composting « Tag

Posted on 02 April 2011 by

The Weirdest Things to Use in the Tomato Garden

By Mindy McIntosh-Shetter

Sometimes the oddest things are the best things when it comes to the garden.

To prove my point, think of the reaction of the pilgrims when the Indians showed them how to plant corn with a fish.

Or in recent times, using gray water in the garden.

Sometimes it makes one go hmmm…

So here are some not so unusual items that are add to the garden soil and some quite unique items that may make one go hmmm…

  • Banana Peels – These lovely kitchen scraps contain a bounty of potassium. This potassium is easily transferred into the soil and up the plant when the peel is placed in the hole before planting.
  • Epsom Salt – This old drugstore standby is great for the garden especially where tomatoes are going to be placed. Simply put ½ cup into each hole before planting the tomato. Also, dissolving Epsom salt into water that is going to used on tomatoes is another approach.
  • Eggshells – These provide calcium to the soil. Dry out the shells in an oven or in the sun, crush, and add to the hole prior to planting. Another approach is to place the dried, crushed eggshells to the water and let set for at least 24 hours. Then use this water when hydrating the garden. Read the rest of this entry »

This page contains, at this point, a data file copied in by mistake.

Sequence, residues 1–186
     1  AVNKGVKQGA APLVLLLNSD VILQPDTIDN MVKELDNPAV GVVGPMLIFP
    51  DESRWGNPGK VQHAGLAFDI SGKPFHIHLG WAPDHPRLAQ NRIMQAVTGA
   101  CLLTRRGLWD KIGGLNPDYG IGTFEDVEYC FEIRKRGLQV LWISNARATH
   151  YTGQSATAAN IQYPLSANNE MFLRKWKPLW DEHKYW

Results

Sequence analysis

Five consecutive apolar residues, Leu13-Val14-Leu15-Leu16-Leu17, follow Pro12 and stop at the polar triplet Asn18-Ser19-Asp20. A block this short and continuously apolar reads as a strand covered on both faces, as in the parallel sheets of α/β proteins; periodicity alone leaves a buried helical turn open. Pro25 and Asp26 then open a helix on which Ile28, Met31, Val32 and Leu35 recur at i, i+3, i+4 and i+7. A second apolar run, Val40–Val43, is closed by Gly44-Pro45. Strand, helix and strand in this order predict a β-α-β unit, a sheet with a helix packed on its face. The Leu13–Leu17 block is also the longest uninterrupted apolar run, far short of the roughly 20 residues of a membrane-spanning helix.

Posted on 17 February 2011 by

Compost: Liquid Gold For Your Garden

By Guest Writer Penny Mohney of Penny’s Tomatoes

If you are thinking about starting your own compost pile think about this.

With just a little knowledge you can turn your everyday garbage into nutrient rich fertilizer for your yard or garden and the best part is…it’s organic.

Let’s start with your container.

You can buy or build something to house your compost pile.  A wooden frame (like a sandbox) made out of 2×10’s (or what ever) in the corner of our yard will work great. Add your scraps to it on a daily basis and “stir” or “fluff” it up 2 to 3 times a week.

Many materials can be added to a compost pile, including Read the rest of this entry »

Posted on 22 September 2008 by

Can I Compost My Tomato Plants?

By Kira Hamman


But if you’re going to use your compost in the garden:

1. It’s best not to compost diseased plants because disease can spread through the soil. Instead, dispose of them in the garbage, burn them, or start a separate compost pile (far from the garden) that you’re not going to use.

2. You can compost Read the rest of this entry »


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